THANKYOU! I went to the US on holiday and obviously expected to be called 'British' because of my southern english accent, what I didn't expect was to be sitting in a restaurant with my scottish friend and having a waitress ask where he was from - then comment that he spoke really good english....

It's almost insulting. We're hardly a little known country but so many especially in the US are too ignorant to pick up a freaking map :|

I actually find myself pleasantly surprised when I get called English. Isnt that a bit sad.

17 September 2011 at 18:16

Emybloom said...

@Andreanna Random OT but I studied in Switzerland and now live in Sweden and I've fucked up a few times when telling people where I live... not sure how the fail happens other than that they are both excellent countries.

Heehee love this rant <3

17 September 2011 at 18:17

Anastasia said...

@Mandy - You have American history and world history as separate subjects? At high school level? That is sad. We just have history until college, pretty much, so it's world history, although I think we covered the Tudors about four times.

I'm pretty dreadful at geography but at least I know enough not to make sweeping statements that betray it. Although, in England we do pretty much consider ourselves the 'Kings of Europe' and better than all the rest :/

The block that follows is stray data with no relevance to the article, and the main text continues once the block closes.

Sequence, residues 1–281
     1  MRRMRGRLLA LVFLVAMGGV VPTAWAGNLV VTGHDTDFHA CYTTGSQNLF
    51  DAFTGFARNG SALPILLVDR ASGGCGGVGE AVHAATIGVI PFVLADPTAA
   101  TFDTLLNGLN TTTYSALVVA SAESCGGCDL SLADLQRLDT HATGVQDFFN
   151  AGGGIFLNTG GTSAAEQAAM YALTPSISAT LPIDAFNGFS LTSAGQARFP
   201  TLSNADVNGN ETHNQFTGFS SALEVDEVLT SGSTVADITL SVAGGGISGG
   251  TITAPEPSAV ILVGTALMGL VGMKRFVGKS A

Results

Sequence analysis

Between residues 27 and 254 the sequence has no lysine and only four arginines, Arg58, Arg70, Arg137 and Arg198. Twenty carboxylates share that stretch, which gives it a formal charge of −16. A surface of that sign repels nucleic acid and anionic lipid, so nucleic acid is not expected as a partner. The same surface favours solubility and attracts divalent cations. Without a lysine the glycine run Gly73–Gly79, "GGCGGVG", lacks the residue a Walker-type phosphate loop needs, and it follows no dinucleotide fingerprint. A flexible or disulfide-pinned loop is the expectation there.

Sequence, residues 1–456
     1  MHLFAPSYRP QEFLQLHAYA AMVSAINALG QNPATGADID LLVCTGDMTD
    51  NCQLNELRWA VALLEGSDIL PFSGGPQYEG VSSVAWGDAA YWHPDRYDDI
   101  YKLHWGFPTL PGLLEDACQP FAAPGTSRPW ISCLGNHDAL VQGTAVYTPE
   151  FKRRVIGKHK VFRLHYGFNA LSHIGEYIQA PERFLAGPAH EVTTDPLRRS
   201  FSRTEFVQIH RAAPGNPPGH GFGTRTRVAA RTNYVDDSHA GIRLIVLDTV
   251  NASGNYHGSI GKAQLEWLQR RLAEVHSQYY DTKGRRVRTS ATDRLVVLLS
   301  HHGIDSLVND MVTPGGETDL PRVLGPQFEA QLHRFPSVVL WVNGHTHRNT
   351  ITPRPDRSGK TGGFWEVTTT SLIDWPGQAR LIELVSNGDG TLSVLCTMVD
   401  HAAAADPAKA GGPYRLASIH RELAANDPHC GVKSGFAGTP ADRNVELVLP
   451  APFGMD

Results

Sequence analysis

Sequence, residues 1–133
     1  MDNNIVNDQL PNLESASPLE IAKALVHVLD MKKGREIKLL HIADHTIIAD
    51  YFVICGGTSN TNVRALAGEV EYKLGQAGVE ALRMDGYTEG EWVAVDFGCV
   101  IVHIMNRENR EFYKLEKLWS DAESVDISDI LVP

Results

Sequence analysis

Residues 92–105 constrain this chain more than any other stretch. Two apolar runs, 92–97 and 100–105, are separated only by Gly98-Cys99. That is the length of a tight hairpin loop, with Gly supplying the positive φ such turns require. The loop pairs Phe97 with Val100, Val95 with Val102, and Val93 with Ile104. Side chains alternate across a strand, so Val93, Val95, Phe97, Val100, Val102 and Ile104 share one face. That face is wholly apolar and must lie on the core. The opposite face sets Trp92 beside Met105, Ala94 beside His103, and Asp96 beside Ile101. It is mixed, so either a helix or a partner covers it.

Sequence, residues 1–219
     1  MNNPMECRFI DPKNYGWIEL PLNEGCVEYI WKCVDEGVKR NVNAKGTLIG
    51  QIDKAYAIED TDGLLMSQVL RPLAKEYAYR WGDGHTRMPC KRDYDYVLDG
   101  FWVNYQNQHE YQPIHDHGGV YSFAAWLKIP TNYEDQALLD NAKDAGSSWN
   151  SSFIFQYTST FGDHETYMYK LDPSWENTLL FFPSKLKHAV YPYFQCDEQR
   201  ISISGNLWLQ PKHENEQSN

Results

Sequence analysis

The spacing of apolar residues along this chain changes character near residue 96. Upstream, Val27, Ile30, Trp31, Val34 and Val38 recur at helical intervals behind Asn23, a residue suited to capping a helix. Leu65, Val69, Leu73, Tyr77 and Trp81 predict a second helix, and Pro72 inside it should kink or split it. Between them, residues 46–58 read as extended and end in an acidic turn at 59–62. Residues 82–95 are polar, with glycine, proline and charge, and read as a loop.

@Nekosan - Hahaha, it's not even complicated! GB = England, Scotland, Wales. UK = England, Scotland, Wales PLUS Northern Ireland!
I do love venn diagrams though.

17 September 2011 at 18:20

Anastasia said...

@BunBun - Wow, that's amazing. Did your friend even speak Gaelic?
Hahaha, how about how many can't tell a Scottish and Irish accent apart? Or Welsh? I've been called Irish and Scottish interchangeably when my accent is pretty standard region-free English with a bit of East Midlands when I'm annoyed.
Are you straight southern or southeast/southwest?

17 September 2011 at 18:24

Sirvinya said...

This is the most awesome post ever! Seriously, I see so many posts where people just don't get what Europe is or they don't get what the UK is. I've tried explaining just how varied and large Europe is to these people going "I want to visit Europe" but they just don't seem to get it. Or they're going to Europe and want to know what the weather's like. Um, everything from around 40C + to the Arctic.